The great east window at St Anne’s is a huge depiction of the Crucifixion which is over 150 years old and badly in need of repair. The cost of repairs has been estimated at £100,000. You can help us to reach this goal by sponsoring an area of the picture.
We’re aiming to raise £40,000 through sponsorship, with the remainder grant funded. This is a challenging amount to raise and may take quite some time but with the help of the community in Limehouse and support from further afield, we are determined to do it.
Our online sponsorship pages have full details of how you can pick a pane to sponsor.
About the window
The great east window in the chancel of St Anne’s Limehouse is one of the consolations for the fire that gutted the church on Good Friday 1850. The blaze destroyed an enameled glass depiction of the Sermon on the Mount, created forty years earlier by Joseph Backler from a design by the artist Benjamin West, President of the Royal Academy.
Philip Hardwick, architect for the meticulous reconstruction of Hawksmoor’s church, recognized the need to replace the lost window with a comparable large-scale composition. So he turned to Charles Clutterbuck (1806-1861), one of the leading ‘pictorialists’ of the day. His workshop was in nearby Stratford but his stained glass was being commissioned by churches all over the country, particularly East Anglia and the Welsh counties of Gwent and Clwydd. Work closer to hand included east windows for St Botolph’s, Aldgate, St Luke’s Old Street, St Matthew’s Bethnal Green, and St Matthews, City Rd. Resisting the vogue for mediaeval-style mosaic glass, Clutterbuck pursued the eighteenth century craft of enamel painting, applying ground glass to large panes with a brush and then baking them to a hard translucent finish in a specially sized oven. He started work on the Limehouse window soon after the fire.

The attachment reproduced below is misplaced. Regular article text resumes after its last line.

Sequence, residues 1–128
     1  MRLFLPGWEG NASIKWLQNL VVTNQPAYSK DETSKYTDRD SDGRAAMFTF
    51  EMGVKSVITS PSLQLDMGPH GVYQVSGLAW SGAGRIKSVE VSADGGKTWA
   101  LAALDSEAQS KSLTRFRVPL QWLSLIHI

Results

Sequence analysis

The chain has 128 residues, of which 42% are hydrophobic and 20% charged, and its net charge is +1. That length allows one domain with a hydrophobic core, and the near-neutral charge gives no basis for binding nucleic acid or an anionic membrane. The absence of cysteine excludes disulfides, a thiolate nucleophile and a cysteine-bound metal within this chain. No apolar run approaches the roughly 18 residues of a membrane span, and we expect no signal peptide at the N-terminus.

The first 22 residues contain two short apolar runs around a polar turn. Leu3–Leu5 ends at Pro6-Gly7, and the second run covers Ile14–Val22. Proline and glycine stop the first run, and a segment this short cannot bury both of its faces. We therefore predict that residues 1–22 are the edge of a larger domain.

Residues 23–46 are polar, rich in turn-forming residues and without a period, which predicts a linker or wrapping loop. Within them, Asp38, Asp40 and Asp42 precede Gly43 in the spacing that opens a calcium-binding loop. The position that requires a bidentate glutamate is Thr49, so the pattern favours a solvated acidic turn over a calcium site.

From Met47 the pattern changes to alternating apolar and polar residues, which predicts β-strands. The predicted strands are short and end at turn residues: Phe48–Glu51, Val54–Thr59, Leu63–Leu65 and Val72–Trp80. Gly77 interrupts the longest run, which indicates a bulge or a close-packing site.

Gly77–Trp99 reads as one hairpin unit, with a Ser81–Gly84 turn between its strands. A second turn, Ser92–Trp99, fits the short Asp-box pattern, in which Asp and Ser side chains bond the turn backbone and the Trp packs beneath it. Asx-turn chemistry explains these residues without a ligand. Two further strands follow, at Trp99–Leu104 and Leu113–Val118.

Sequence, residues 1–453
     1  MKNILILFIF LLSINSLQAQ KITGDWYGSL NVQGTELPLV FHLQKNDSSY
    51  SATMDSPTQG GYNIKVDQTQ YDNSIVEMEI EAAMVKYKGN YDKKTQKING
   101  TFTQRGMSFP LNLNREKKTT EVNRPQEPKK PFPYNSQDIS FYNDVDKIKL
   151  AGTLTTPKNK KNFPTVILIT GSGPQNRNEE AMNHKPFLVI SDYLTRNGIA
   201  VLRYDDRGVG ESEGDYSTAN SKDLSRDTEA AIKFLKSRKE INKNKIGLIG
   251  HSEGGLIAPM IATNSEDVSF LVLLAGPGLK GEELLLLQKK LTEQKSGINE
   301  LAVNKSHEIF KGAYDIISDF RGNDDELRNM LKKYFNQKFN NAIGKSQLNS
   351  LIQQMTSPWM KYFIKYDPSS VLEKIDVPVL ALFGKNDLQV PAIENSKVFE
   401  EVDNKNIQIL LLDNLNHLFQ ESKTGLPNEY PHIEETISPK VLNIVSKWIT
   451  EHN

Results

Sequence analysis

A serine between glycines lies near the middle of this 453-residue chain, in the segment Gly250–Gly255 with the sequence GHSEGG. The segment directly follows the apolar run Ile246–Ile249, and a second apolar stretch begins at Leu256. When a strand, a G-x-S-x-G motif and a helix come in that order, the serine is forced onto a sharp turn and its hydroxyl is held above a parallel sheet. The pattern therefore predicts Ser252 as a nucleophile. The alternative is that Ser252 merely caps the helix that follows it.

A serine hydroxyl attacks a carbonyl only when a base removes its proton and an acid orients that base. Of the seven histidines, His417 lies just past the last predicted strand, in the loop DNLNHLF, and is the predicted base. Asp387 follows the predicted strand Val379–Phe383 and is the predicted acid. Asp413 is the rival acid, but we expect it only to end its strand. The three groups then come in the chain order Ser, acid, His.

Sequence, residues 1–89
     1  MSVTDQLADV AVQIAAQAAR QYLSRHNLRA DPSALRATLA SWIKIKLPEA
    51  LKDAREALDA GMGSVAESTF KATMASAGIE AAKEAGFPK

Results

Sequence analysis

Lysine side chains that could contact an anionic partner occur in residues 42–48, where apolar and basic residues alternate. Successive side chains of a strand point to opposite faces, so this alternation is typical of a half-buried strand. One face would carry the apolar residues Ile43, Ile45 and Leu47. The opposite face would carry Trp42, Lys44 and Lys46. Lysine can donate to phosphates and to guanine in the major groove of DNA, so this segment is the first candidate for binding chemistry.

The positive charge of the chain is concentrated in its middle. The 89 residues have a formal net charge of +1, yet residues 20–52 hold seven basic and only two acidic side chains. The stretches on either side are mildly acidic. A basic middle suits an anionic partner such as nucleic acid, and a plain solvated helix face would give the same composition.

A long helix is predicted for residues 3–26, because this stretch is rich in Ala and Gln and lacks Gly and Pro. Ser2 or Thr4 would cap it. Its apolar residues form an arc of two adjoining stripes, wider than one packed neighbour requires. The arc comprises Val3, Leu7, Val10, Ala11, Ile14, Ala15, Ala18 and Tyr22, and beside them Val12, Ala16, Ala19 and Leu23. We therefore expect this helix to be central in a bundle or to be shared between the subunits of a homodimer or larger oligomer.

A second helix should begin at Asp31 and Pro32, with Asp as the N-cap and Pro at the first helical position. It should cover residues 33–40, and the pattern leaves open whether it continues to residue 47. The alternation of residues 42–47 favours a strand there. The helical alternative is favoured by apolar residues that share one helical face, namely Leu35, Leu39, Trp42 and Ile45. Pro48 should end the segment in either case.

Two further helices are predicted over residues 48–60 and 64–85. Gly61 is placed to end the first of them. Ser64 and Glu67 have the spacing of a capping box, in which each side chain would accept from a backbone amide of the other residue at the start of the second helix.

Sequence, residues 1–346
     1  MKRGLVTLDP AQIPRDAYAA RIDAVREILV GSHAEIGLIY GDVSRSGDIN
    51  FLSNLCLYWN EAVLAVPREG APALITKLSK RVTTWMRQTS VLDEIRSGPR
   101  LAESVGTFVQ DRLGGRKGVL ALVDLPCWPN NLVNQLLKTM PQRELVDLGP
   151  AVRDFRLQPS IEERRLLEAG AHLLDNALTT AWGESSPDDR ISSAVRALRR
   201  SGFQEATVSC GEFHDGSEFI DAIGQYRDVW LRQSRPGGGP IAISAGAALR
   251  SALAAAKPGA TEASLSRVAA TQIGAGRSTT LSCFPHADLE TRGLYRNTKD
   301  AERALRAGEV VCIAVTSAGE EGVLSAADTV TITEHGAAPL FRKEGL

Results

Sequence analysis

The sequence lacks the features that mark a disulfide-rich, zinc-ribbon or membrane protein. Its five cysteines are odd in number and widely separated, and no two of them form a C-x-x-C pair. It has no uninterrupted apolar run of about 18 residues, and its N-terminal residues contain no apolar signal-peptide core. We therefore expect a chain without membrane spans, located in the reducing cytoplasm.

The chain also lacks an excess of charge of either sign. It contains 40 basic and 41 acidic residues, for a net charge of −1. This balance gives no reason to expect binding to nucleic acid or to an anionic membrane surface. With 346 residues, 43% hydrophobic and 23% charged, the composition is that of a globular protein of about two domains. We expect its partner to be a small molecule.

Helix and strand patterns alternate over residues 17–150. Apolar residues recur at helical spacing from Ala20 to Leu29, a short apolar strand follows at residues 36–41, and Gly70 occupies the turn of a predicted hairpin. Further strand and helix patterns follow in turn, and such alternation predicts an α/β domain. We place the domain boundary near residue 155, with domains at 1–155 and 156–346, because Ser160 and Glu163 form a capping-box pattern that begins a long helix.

The Crucifixion is characteristic of Clutterbuck’s style: biblical, dramatic, large-scale, with a high horizon and a frame full of action and detail. From a distance it’s still impressive. But seen close-up it’s in a very bad way. Clutterbuck tended to apply the enamel too liberally, causing it to peel and crack. After a century and a half, much of his painted detail has been lost. The bomb blasts of two world wars have distorted all the panels. Many of the individual quarries have been fractured by structural or thermal movement. Original lead cames have been puttied or taped to fill cracks and keep out draughts and damp. The many leads added in previous repairs cut intrusively across the large panes of Clutterbuck’s original design. Several pieces of glass are in imminent danger of falling out.
The fourteen panels of Clutterbuck’s window are exceptionally wide and will require expert handling. Once they have been lifted out and moved to a studio, glass conservators will replace the leadwork, mend fractured panes, clean accumulated grime and carefully restore lost paintwork. The window will be reinstated with secondary glazing.
Photograph (c) Imogen Radford 2019